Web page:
J Steroid Biochem Mol Biol. 2004 May;89-90(1-5):519-26.
Anti-tumor activity of calcitriol: pre-clinical and clinical studies.
Trump DL, Hershberger PA, Bernardi RJ, Ahmed S, Muindi J, Fakih M, Yu WD, Johnson CS.
Department of Medicine, Roswell Park Cancer Institute, Buffalo, NY 14263, USA.
1,25-Dihydroxycholecalciferol (calcitriol) is recognized widely for its effects on bone and mineral metabolism. Epidemiological data suggest that low Vitamin D levels may play a role in the genesis of prostate cancer and perhaps other tumors. Calcitriol is a potent anti-proliferative agent in a wide variety of malignant cell types. In prostate, breast, colorectal, head/neck and lung cancer as well as lymphoma, leukemia and myeloma model systems calcitriol has significant anti-tumor activity in vitro and in vivo. Calcitriol effects are associated with an increase in G0/G1 arrest, induction of apoptosis and differentiation, modulation of expression of growth factor receptors. Glucocorticoids potentiate the anti-tumor effect of calcitriol and decrease calcitriol-induced hypercalcemia. Calcitriol potentiates the antitumor effects of many cytotoxic agents and inhibits motility and invasiveness of tumor cells and formation of new blood vessels. Phase I and II trials of calcitriol either alone or in combination with carboplatin, taxanes or dexamethasone have been initiated in patients with androgen dependent and independent prostate cancer and advanced cancer. Data indicate that high-dose calcitriol is feasible on an intermittent schedule, no dose-limiting toxicity has been encountered and optimal dose and schedule are being delineated. Clinical responses have been seen with the combination of high dose calcitriol+dexamethasone in androgen independent prostate cancer (AIPC) and apparent potentiation of the antitumor effects of docetaxel have been seen in AIPC. These results demonstrate that high intermittent doses of calcitriol can be administered to patients without toxicity, that the MTD is yet to be determined and that calcitriol has potential as an anti-cancer agent.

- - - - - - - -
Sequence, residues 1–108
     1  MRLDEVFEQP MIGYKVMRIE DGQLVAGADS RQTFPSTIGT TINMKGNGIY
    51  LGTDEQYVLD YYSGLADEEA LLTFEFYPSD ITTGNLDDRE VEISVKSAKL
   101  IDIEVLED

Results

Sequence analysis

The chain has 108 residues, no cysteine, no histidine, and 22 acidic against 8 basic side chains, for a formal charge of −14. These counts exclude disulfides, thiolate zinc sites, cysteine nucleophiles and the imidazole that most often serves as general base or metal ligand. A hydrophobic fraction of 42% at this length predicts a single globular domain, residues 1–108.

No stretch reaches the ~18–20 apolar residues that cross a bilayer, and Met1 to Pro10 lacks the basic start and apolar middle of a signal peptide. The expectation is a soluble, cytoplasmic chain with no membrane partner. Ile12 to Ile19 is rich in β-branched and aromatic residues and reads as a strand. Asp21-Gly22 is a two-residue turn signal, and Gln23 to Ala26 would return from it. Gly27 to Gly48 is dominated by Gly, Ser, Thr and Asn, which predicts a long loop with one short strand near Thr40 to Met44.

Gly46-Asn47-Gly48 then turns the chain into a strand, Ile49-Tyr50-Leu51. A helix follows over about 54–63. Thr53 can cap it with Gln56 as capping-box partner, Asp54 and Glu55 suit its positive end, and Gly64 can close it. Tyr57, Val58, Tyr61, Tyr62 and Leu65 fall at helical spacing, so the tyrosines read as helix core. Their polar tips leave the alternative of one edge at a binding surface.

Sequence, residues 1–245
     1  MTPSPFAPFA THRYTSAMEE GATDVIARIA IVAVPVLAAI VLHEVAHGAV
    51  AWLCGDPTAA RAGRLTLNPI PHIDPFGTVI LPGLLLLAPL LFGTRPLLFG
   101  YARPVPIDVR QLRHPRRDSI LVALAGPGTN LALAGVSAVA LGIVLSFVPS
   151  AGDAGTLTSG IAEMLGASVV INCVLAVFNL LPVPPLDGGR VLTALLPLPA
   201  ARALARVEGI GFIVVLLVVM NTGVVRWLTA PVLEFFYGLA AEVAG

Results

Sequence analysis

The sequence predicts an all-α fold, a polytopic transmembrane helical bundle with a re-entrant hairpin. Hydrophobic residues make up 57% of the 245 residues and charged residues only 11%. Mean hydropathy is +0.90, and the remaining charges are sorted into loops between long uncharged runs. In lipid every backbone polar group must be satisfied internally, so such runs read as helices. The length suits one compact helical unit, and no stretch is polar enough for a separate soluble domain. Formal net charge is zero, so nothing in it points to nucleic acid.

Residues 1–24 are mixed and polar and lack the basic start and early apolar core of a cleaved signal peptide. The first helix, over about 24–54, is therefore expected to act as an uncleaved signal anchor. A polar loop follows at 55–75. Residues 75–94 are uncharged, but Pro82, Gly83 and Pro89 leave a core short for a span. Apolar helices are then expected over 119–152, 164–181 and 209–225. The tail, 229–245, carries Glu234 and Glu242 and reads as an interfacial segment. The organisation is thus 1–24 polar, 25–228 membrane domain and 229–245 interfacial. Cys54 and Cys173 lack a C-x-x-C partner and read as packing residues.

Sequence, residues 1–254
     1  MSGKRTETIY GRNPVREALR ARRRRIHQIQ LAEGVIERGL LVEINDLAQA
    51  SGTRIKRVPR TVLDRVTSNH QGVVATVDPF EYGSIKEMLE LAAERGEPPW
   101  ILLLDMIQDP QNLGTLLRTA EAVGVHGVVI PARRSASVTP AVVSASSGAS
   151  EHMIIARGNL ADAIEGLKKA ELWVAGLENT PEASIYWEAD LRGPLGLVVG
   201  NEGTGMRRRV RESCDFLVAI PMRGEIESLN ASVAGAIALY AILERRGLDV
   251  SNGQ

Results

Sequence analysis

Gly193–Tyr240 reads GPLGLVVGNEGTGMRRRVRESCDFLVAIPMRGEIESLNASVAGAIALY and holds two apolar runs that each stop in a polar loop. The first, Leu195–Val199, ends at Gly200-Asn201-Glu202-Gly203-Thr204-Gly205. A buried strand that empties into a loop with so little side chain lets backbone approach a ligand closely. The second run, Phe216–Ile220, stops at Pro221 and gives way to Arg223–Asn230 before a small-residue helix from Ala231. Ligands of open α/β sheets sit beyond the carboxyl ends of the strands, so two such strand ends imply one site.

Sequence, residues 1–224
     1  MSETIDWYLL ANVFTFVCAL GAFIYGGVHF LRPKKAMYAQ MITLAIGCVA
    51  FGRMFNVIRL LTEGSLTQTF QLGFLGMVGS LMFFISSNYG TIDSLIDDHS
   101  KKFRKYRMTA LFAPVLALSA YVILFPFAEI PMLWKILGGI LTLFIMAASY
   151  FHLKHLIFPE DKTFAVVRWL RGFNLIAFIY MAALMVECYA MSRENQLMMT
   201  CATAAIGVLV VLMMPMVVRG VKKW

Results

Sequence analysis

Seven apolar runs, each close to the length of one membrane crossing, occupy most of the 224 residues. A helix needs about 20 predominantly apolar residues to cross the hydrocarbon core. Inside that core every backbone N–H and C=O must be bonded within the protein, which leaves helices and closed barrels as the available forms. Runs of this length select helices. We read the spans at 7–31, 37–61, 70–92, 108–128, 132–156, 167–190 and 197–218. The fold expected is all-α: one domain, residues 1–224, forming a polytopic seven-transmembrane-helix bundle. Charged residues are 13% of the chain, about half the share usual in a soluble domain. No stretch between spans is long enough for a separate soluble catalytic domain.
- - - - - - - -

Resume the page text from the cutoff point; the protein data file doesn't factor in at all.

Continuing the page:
Blood. 2003 Apr 1;101(7):2454-60. Epub 2002 Nov 21.
The vitamin D3 analog EB1089 induces apoptosis via a p53-independent mechanism involving p38 MAP kinase activation and suppression of ERK activity in B-cell chronic lymphocytic leukemia cells in vitro.
Pepper C, Thomas A, Hoy T, Milligan D, Bentley P, Fegan C.
Department of Haematology, Llandough Hospital, Penarth, Vale of Glamorgan, United Kingdom.
EB1089, a novel vitamin D3 analog, has been shown to have cytotoxic and antiproliferative properties in a variety of malignant cells. However, its potential as a treatment for B-cell chronic lymphocytic leukemia (B-CLL) has not been evaluated. EB1089 induced apoptosis in all of the 102 B-CLL samples tested with a mean LD(50) (the concentration of EB1089 required to kill 50% of cells) value (+/- SD) of 2.1 x 10(-8) M (+/- 1.4 x 10(-8) M). Furthermore, no significant difference was found in the cytotoxicity of EB1089 in B-CLL samples from previously treated and untreated patients (P =.1637). Induction of apoptosis was associated with a reduction in Bcl-2 and Mcl-1 protein expression, but this was evident only in the apoptotic cells. In contrast, the expression of Bax, p21, and p53 was not altered in the viable or apoptotic cells from either B- or T-lymphocyte lineages. EB1089-induced apoptosis was preceded by activation of p38 mitogen-activated protein (MAP) kinase and suppression of extracellular signal-regulated kinase (ERK) activity, and this was associated with downstream activation of caspase-3. The pancaspase inhibitor (Z-VAD-FMK) and the caspase-9 inhibitor (Z-LEHD-FMK) were able to partially abrogate the apoptotic effects of EB1089 but did not affect the phosphorylation of p38 MAP kinase or the suppression of ERK. The B-CLL cells in the study were shown to highly express vitamin D receptor, but an additional receptor-independent mechanism of cell killing cannot be ruled out at this stage. These findings show that EB1089 is a potent apoptosis-inducing agent in B-CLL cells and may be useful in the treatment of B-CLL patients, particularly those with p53 mutations or drug-resistant disease.